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Why is the CMB (nearly) scale invariant?

+ 6 like - 0 dislike
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Why is the power spectrum of the cosmic microwave background nearly scale-invariant? What are the mechanisms that make it deviate from the scale-invariance. And in fact: why is it scale invariant in the first place?

Does the motivation come from experiment, which is then tried to be achieved in a specific model, or directly from the model?

This post imported from StackExchange Physics at 2014-06-21 21:38 (UCT), posted by SE-user Anne O'Nyme
asked Jun 20, 2014 in Theoretical Physics by Anne O'Nyme (170 points) [ no revision ]
What makes you think it is scale invariant? The power in fluctuations on different scales varies by a factors of a few. Are you asking why it is nearly isotropic (variations on only one part in $\sim10^5$ in different directions on the sky)?

This post imported from StackExchange Physics at 2014-06-21 21:38 (UCT), posted by SE-user Kyle
@Kyle Then my question is as follows: were the fluctuations scale invariant from the beginning (by this I mean before decoupling) and is the damping and enhancement features of the power spectrum due to Silk damping and baryonic loading which came later. Or were some fluctuation fluctuations already `preferred' wrt to others before decoupling?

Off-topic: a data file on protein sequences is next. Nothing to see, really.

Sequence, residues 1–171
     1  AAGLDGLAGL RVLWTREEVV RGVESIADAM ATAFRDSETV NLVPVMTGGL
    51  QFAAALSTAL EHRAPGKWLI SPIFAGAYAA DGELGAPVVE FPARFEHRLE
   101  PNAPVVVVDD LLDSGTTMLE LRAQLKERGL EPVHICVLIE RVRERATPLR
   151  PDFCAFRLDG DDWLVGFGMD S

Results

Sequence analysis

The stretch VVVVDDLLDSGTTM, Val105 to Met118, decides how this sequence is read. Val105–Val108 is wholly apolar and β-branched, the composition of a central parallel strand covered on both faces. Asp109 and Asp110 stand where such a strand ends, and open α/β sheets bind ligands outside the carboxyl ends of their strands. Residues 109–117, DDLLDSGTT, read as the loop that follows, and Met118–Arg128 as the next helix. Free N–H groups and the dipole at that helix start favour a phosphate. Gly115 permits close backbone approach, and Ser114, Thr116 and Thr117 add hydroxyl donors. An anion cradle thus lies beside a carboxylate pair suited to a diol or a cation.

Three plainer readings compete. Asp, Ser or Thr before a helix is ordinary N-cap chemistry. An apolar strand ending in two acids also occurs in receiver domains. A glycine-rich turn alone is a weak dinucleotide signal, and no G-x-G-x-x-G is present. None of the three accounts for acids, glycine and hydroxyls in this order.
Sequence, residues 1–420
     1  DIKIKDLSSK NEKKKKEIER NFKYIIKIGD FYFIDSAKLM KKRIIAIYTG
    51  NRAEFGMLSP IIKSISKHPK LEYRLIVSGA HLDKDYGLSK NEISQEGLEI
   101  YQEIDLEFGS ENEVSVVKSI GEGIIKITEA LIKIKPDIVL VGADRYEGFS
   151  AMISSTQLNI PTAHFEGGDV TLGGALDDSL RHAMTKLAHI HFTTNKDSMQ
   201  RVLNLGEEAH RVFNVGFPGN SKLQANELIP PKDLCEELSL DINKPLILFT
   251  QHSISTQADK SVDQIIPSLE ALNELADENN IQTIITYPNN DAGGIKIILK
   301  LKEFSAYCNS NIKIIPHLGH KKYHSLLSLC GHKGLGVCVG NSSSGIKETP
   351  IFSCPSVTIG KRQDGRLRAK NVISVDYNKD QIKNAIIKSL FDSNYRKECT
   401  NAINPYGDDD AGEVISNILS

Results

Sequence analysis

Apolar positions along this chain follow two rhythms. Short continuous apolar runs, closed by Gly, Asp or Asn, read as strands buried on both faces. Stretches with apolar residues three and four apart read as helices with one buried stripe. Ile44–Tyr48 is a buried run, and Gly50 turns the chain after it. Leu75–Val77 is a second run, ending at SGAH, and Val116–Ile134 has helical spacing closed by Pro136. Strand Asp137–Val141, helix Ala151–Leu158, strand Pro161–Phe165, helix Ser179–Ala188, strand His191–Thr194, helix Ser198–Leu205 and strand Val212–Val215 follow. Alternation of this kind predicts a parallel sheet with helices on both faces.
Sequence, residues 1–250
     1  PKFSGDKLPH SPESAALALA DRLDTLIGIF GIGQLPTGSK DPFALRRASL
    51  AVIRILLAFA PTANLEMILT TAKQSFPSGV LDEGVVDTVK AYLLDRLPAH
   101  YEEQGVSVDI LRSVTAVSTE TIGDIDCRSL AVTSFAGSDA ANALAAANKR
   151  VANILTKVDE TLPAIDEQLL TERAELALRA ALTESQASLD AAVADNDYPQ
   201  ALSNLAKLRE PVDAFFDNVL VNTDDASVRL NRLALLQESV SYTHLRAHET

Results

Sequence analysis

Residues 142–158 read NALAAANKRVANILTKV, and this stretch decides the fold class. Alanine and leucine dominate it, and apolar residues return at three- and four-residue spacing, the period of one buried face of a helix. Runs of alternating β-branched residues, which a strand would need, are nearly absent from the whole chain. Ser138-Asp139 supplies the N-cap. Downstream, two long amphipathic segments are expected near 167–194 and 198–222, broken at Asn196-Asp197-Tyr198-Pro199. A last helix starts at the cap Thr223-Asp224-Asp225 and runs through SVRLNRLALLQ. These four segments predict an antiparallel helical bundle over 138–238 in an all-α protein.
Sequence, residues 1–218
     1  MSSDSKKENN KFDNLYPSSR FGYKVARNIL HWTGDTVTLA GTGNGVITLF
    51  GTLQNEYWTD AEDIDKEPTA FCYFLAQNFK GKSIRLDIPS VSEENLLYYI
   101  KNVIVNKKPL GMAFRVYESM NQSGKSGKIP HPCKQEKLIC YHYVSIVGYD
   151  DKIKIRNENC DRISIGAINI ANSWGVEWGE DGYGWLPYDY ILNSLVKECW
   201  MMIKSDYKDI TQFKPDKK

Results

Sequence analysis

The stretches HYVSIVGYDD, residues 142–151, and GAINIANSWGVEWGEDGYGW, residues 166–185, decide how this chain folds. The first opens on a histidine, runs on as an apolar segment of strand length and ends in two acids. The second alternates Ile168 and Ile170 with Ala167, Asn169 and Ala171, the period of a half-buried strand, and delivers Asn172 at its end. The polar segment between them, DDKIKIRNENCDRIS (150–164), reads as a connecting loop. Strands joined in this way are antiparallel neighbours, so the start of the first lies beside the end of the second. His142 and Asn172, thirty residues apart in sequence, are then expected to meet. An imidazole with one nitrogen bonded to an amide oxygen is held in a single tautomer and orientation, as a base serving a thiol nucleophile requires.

This post imported from StackExchange Physics at 2014-06-21 21:38 (UCT), posted by SE-user Anne O'Nyme

1 Answer

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These are just some rather handwaving comments related to why the spectrum of the fluctuations in the CMB are of expected to be scale invariant.

The variations of the CMB we observe today correspond to the expanded initial over-dense and under-dense regions created by vacuum fluctuations.

The theoretical expectation of scale invariance of the spectrum of these fluxtuations can for example be explained by looking at a scalar field with the Lagrangian density


\(L = \frac{1}{2}\dot{\phi^2} + \frac{1}{2} (\nabla\phi)^2 - V(\phi)\)

Multiplying by the volume of space $a^3(t)$, assuming that any spatial gradients are stretched out by inflation, and making use of the Euler-Lagrange equations it can be shown that the equation of motion corresponds to damped harmonic oscillator

\(\ddot{\phi} + 3 H \dot{\phi } = -\frac{\partial V}{\partial \phi}\)

where the second term in the L.H.S. is the so-called Hubble friction. Together with the quantum fluctuations, a scale invariant CMB spectrum can then theoretically be expected, as quantum fluctuations are excited at small scales, subsequently enlarged by the expansion of the universe, and finally dissipated (frozen out) by the Hubble friction at large scales as soon as their wave length gets larger than the light horizon (separation over which information can be exchanged). 

I am not sure what processes there could be that lead to deviations of the CMB spectrum from scale invariance.

answered Jun 28, 2014 by Dilaton (4,295 points) [ no revision ]

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